The star slept through most of the session, but Ambien the sloth was nonetheless a hit at TCA on Sunday during her appearance as part of PBS’ portion of the annual summer press tour.
Reporters lined up after the session for a chance for selfies and a quick pet of Ambien, a year-old female who hugged her handler’s stomach as she dozed. She came to the Beverly Hilton to promote docu-series “Nature’s Miracle Orphans,” produced as part of the long-running “Nature” franchise. (The Television Critics Assn.’s strict no-photos policy was given a sloth exception by producers.)
“Miracle Orphans” documents the efforts of naturalists and others who make a point of rescuing orphaned animals, particularly those that are abandoned when their parents are snatched from the wild for profit as part of what producers called “the pet trade.”
Baby sloths are highly likely to die if separated from their mothers too soon, according to Sam Trull, a primatologist and co-founder of the Sloth Institute in Costa Rica, which is featured in the series.
“The first time I met a sloth I fell in love,” Trull admitted. She hopes the series will combat the image of the animals as lazy and shiftless, as well as spreading the word about the dangers they face. The combination of increased poaching and the encroachment of civilization in sloths’ native stomping grounds of Central and South America is making life tough for Ambien and her ilk.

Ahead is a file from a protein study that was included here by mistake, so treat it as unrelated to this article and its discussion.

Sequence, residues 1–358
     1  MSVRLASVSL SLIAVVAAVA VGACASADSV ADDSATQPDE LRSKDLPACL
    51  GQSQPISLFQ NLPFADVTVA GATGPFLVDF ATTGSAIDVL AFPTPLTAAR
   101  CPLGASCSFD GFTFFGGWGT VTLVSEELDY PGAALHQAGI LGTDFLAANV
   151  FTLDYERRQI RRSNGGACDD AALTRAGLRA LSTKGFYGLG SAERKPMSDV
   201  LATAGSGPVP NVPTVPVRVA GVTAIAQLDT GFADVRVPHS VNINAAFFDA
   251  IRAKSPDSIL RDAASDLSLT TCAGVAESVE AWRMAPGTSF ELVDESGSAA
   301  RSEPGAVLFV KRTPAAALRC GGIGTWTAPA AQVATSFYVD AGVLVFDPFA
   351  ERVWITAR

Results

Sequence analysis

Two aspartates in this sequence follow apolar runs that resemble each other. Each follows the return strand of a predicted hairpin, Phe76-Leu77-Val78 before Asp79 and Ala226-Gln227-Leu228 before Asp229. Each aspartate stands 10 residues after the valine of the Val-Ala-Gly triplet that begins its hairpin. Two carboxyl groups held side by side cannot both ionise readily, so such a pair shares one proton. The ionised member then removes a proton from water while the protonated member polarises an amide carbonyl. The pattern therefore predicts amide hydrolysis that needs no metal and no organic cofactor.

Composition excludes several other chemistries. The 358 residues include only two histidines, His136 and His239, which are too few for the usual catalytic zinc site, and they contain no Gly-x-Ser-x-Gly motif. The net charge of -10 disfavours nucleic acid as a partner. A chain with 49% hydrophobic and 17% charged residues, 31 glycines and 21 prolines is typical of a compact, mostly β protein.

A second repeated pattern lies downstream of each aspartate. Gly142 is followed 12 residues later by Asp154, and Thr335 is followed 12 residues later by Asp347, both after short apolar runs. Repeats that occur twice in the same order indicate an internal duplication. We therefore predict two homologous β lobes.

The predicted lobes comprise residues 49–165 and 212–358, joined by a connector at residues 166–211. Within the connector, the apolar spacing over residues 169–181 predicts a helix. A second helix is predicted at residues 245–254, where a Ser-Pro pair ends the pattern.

“My entire life is dedicated to the sloths now,” Trull said. “I think they’re a little bit of the underdog. It’s a species that I’m drawn to help.”
Trull said she’s been working with animals since she was 16, although sloths have only been her focus for the past three or so years. Running the institute, funded entirely by donations, is a lonely, demanding job, but in her eyes, somebody’s got to do it.
“It can get overwhelming,” she said. “Sometimes you just want to have fun and actually hang out with humans.”
Another helpful hint that emerged from the session: don’t ever mess with a two-toed sloth in the wild. They have very vicious teeth and a strong bite, Trull warned. The three-toed variety are a little more cuddly — but only a little bit.
“Miracle Orphans” producer Mark Wheeler said another highlight of the series is the devotion demonstrated by an Australian woman who tends to baby fruit bats — going so far as to wrap them in tiny blankets and feed them with bottles.